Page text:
The speed at which things have changed in the past 13 months has kept many professionals on their toes –which certainly includes marketing and communication professionals. We work with some incredible leaders, and it’s been inspiring to see them embrace changes, navigate challenges and take different approaches than they set out to take before everything became, well, 2020 hindsight.
We recently chatted virtually with Jamie Gassmann, director of marketing at R3 Continuum to talk about the year from her perspective and how she’s been stretched personally and professionally. R3 Continuum (R3c) is a global leader in workplace behavioral health, crisis, and security solutions—helping to ensure the psychological and physical safety of organizations and their employees in today’s complex and often dangerous world. The company’s tailored services include: crisis prevention, preparedness, response and recovery, threat of violence consulting, fitness for duty evaluations, training, protective services, executive optimization, and more.
Jamie has been with R3 Continuum for 10 years, and she describes the past 13 months as “warp speed” that stretched her and her team in ways like never before.
We’ve talked a lot about pivots lately. What are some of the big ways your marketing plan evolved throughout the past year, and how have you navigated those quick turns?
Jamie: A lot has shifted in our marketing plan, one of the biggest relating to trade shows and events that were either cancelled or went virtual. These used to be a big part of our lead gen efforts. The conference pause in 2020 allowed us to explore other avenues and opportunities for lead gen that didn’t get the budget attention in the past, things we hadn’t tried before or hadn’t invested in at the level we did.
What did some of those new investments look like?
Jamie: We focused a lot on content development, thought leadership and doubled down on PR and media relations efforts. We started a podcast, we expanded our blog content and optimized our website, and invested in digital advertising. Really, it became more of an integrated marketing approach that focused a lot on digital interactions and engagement.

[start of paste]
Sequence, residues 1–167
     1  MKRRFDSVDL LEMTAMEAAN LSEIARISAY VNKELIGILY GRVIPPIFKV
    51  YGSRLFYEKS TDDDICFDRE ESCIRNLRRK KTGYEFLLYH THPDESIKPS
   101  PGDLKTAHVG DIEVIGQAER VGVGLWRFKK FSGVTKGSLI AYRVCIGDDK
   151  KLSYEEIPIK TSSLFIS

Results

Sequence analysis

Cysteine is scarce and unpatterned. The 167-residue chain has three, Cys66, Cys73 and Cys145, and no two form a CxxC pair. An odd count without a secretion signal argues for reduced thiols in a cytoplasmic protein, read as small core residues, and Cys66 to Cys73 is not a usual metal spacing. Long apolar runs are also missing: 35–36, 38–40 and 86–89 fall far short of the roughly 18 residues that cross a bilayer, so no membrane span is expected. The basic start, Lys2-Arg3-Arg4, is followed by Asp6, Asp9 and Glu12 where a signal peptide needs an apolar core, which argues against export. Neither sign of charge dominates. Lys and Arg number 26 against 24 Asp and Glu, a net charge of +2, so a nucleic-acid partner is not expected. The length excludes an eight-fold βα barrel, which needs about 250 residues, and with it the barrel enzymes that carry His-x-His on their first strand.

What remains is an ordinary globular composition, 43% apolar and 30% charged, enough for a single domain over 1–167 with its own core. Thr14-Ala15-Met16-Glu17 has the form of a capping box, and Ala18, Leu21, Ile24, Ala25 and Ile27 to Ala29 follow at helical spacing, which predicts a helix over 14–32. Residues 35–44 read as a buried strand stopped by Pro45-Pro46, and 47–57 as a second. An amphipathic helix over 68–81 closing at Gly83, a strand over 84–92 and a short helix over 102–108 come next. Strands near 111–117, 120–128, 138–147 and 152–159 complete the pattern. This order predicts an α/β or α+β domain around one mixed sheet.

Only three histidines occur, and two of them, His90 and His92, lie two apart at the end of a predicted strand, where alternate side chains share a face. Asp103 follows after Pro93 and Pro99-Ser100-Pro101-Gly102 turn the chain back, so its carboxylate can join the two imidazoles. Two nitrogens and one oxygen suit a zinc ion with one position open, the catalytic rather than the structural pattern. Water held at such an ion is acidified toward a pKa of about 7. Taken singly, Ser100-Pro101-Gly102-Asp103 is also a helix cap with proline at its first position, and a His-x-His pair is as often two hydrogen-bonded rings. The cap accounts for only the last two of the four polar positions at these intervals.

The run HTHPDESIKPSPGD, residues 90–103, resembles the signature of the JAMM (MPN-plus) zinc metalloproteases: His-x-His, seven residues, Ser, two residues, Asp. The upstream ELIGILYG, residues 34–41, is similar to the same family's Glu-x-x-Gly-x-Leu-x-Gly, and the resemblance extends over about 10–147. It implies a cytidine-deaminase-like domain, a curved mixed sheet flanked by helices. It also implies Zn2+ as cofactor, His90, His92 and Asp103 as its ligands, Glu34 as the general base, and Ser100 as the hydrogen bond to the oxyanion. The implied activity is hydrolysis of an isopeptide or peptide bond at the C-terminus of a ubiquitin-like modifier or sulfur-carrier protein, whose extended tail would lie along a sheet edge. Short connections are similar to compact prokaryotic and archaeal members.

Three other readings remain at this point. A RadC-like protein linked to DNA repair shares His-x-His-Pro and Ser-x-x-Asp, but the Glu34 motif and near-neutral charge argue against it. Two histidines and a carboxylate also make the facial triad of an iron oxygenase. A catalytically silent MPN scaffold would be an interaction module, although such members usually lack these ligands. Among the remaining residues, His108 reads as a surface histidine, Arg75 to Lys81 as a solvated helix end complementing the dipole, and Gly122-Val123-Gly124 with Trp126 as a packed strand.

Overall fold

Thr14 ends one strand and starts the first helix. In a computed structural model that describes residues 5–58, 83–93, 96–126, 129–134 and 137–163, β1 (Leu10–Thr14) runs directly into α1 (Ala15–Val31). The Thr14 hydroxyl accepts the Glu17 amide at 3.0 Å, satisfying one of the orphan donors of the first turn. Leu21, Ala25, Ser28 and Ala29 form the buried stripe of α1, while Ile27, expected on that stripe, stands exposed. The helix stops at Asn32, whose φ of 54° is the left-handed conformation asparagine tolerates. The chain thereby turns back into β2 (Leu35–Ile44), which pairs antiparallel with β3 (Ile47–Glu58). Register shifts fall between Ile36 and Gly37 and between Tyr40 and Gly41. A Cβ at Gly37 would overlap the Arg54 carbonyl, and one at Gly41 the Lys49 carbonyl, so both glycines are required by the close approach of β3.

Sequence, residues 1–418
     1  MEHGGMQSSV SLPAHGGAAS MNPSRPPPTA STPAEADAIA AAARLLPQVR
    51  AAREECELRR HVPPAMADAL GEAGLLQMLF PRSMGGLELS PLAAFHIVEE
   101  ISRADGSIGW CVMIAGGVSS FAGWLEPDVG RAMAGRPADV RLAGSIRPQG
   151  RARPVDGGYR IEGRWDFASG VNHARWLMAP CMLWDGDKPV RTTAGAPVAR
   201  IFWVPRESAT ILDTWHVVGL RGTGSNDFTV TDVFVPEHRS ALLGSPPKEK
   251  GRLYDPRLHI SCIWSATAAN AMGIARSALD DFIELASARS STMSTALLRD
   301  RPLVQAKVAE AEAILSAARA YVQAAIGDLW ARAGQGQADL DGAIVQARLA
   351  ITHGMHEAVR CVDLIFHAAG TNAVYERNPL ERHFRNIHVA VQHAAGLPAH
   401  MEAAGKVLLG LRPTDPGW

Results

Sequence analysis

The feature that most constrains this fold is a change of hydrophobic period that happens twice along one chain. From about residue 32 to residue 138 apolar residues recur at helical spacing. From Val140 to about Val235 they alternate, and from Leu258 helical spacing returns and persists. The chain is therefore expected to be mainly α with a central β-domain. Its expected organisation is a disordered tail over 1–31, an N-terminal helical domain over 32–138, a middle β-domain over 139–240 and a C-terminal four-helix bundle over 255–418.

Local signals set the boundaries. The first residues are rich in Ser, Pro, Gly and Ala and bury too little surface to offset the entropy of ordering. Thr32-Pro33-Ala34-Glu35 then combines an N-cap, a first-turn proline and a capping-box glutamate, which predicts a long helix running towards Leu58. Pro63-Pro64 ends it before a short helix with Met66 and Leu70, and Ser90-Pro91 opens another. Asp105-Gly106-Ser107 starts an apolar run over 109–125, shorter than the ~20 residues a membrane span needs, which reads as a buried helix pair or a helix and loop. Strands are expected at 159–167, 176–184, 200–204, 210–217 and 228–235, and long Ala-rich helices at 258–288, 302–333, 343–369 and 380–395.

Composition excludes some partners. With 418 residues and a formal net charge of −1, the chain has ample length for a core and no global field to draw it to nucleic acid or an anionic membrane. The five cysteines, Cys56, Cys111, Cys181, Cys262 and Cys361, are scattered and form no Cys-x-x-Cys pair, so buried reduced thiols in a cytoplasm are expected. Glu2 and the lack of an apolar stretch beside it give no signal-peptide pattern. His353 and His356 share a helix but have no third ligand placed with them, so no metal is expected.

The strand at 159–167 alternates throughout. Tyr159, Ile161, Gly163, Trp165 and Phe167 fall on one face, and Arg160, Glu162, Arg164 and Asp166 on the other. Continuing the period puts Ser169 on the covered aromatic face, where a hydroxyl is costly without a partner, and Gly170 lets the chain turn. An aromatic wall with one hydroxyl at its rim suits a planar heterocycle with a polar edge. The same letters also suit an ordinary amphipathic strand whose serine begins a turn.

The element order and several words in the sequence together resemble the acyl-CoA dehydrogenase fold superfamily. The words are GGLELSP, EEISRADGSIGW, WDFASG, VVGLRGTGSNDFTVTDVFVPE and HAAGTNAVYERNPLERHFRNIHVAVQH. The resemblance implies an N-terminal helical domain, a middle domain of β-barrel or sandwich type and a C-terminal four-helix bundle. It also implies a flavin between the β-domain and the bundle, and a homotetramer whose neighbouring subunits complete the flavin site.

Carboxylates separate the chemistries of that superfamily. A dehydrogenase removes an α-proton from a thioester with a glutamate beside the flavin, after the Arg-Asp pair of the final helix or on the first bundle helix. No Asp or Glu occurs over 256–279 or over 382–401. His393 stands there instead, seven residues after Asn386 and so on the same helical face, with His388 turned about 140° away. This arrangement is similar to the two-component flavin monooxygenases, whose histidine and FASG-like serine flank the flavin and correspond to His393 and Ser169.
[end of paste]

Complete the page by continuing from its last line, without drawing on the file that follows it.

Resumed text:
What was it like shifting your budget that quickly and getting buy in from executive leadership?
Jamie: We needed to make changes. Staying with status quo, when status quo was not available, would have had a different outcome for us. What I found was a lot of openness from our executive leadership to engage our audiences in different ways so that we were delivering our messages how and when they wanted to consume the content. Which resulted in us using new and evolved ways to meet that demand. It pushed us and our organization and gave us more willingness to try new things, and at times much more quickly than we would have before.
As a company that provides valuable services in time of crisis, how have you and your communications team balanced raising awareness for what you can do, without being inauthentic or opportunistic? As other communicators consider when it’s their brand’s time to speak up about their products or services in a timely or relevant way, what considerations would you offer?